“It’s funny on its own how Lisa is childishly enraptured by this trailblazing woman who she shares a name with, conveniently overlooking her horrific actions, but it’s also a tremendous slam on the celebration of a non-cis white men breaking into notable or high rank positions overshadowing any of their actual terrible actions…”

    God DAMN was this show ahead of its time. Also, “King-Sized Homer” accidentally predicted 2020.

    I wouldn’t consider the “138th Episode Spectacular” a clip show, but rather a love-letter to long-time fans. It’s definitely a fun look-back through the show’s progress so far, and Troy McClure as the host? What more could you ask for? It’s not an episode, but it is a fun little extra, so unlike the generic clip shows that come before and after it, I actually count it!

    Oh, boy. “Marge Be Not Proud.” The “one bad episode.” Yeah, definitely feels a bit schmaltzy and treacly, with lots of forced sad music that kinda grinds the episode to a halt. It definitely wouldn’t be out of place in your run-of-the-mill family sitcom… But that’s okay, because this is the episode that gave us such classic bits as “Thrillho,” Gavin and his uncaring mom, Detective Brodka, “Shoplifters Beware,” Homer’s angry rant that ends with “Stay out of my booze,” “Lee Carvallho’s Putting Challenge,” and many more. So even when an episode goes a bit too overboard with the emotions, jokes can save all! Even so, the DHS posts about this episode still manage to be my favorite posts from their site. I guess “Canine Mutiny,” “Miracle on Evergreen Terrace,” and “Bart the Mother” can all be continued spiritual sequels to this episode. I know you don’t like “Canine Mutiny,” but I still do. Though I can’t imagine anyone who’d like the latter two…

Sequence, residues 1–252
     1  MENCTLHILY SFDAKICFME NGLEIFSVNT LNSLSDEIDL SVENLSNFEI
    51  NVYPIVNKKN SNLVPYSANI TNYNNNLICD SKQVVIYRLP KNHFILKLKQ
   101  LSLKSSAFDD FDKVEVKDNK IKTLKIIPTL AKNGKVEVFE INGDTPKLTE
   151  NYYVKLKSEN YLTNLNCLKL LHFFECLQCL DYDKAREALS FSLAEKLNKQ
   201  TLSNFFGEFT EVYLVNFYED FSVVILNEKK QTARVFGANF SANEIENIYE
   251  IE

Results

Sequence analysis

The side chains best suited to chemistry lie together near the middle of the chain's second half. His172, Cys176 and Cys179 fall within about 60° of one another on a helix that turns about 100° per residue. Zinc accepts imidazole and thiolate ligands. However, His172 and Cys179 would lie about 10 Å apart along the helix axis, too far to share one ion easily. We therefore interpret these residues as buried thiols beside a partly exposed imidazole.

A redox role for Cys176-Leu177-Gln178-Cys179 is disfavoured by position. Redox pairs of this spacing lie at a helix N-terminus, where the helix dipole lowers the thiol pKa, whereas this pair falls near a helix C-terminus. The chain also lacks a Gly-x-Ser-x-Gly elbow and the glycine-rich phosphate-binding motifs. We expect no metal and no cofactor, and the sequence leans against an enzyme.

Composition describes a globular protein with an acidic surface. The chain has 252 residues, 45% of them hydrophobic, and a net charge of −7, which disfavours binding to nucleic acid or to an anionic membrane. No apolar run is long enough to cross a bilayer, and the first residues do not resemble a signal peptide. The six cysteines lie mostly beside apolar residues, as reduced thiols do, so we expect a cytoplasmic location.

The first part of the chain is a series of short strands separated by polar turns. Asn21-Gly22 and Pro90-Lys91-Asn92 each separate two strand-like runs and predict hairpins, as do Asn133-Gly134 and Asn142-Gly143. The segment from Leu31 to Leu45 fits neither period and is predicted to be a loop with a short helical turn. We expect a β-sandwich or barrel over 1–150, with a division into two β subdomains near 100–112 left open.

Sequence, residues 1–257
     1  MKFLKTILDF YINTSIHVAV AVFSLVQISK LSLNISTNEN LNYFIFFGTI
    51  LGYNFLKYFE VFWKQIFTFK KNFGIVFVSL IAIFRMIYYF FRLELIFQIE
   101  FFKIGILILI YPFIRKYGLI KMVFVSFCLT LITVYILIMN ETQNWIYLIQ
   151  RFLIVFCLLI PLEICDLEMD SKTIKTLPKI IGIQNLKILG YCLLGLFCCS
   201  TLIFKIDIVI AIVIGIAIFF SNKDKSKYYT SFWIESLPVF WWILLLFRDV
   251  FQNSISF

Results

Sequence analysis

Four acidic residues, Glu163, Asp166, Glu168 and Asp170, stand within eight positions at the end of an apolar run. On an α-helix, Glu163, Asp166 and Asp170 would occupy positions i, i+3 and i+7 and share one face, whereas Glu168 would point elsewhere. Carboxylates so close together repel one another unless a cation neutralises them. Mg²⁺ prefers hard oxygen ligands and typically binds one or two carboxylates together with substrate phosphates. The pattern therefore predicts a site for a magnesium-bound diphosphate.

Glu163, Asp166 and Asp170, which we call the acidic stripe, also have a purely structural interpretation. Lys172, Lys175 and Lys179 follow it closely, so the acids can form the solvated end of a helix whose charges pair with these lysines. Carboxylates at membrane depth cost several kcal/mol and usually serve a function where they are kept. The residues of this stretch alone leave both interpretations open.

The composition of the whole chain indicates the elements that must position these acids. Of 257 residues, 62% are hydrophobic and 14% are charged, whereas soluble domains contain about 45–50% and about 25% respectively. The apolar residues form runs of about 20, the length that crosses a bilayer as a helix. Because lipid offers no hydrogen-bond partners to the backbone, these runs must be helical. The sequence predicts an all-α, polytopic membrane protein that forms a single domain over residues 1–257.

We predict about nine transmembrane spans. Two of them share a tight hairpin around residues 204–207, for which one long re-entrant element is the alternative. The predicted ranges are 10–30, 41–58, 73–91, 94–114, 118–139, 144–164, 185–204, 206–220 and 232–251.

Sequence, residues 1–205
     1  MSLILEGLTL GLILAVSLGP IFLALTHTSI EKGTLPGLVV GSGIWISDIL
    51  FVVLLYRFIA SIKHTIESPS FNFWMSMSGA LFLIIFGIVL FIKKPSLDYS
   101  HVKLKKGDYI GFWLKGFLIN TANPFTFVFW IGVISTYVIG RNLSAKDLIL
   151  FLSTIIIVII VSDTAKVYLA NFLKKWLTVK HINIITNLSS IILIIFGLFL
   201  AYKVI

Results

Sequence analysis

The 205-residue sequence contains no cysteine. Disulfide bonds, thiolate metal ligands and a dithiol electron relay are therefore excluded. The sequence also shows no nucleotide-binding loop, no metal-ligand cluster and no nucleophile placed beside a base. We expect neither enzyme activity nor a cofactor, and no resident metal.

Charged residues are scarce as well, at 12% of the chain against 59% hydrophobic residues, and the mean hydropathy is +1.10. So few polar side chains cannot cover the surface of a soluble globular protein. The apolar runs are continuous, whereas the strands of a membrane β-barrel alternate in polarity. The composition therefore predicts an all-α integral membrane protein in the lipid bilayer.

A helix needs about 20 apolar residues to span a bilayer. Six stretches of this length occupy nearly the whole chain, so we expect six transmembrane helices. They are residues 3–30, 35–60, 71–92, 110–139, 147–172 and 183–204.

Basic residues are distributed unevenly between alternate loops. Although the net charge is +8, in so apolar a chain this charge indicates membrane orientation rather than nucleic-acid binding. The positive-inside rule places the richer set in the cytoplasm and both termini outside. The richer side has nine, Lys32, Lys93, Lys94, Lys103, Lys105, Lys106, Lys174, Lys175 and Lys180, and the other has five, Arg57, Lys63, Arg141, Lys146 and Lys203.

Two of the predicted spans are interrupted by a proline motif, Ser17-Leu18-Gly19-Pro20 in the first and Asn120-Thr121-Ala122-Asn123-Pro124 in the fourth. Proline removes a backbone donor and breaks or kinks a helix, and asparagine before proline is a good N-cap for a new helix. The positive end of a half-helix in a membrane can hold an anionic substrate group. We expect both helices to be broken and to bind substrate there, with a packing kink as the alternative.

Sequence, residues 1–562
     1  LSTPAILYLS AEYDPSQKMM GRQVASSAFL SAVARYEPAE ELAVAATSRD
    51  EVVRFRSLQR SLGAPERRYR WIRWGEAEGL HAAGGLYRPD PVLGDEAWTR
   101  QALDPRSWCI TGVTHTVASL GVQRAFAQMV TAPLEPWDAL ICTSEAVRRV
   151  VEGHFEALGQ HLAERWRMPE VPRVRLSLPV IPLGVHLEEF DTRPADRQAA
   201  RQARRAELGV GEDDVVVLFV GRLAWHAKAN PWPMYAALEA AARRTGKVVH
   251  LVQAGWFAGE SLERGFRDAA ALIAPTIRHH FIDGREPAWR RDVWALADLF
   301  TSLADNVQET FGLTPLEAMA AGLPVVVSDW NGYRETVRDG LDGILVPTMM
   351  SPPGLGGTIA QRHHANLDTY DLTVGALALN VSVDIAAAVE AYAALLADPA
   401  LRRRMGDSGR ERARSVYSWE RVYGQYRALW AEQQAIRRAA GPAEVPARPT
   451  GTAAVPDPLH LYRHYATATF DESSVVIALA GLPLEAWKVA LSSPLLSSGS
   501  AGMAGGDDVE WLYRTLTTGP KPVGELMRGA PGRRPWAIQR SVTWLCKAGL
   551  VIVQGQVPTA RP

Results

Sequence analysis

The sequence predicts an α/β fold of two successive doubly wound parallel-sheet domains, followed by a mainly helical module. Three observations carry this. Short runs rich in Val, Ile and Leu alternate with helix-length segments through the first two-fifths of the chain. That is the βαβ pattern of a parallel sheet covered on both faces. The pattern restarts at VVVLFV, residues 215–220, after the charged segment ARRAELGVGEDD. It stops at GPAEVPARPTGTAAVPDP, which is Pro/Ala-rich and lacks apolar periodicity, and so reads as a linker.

Not much to say about “Team Homer.” It’s just a fun simple story about a bunch of regulars forming a bowling team with a fun B-plot involving Springfield elementary being more straight-laced. I know in your original review you minorly criticized it for being too silly but hey, it’s a Mirkin episode. And a lot of the jokes in this episode are great! Plus, it still does a good job with emotions. The bit with Mr. Burns giving the Pin Pals the team uniforms is really sweet. (“At last, I finally have a garment fine enough to be married in.”)

    George Bush episode’s gonna be next week! Can’t wait! That one’s so much fun.

    1. Yeah, I think “Marge Be Not Proud” is definitely on the schmaltzy side, but I still love the episode. The jokes are all fantastic and the emotional storyline is believable and earned. It lacks the usual Simpsons undercutting the treacle, but, as you say, the Lee Carvallo bit saves it.

  4. I like how that one commenter says “I never like Sideshow Bob episodes” immediately after quoting another Sideshow Bob episode.

  5. I agree for the most part with the Dead Homer Society’s take on Marge Be Not Proud re: the third act, but always felt that Marge getting Bart Lee Carvallo’s Putting Challenge gave the ending enough of a “Simpsons Twist” to save the episode.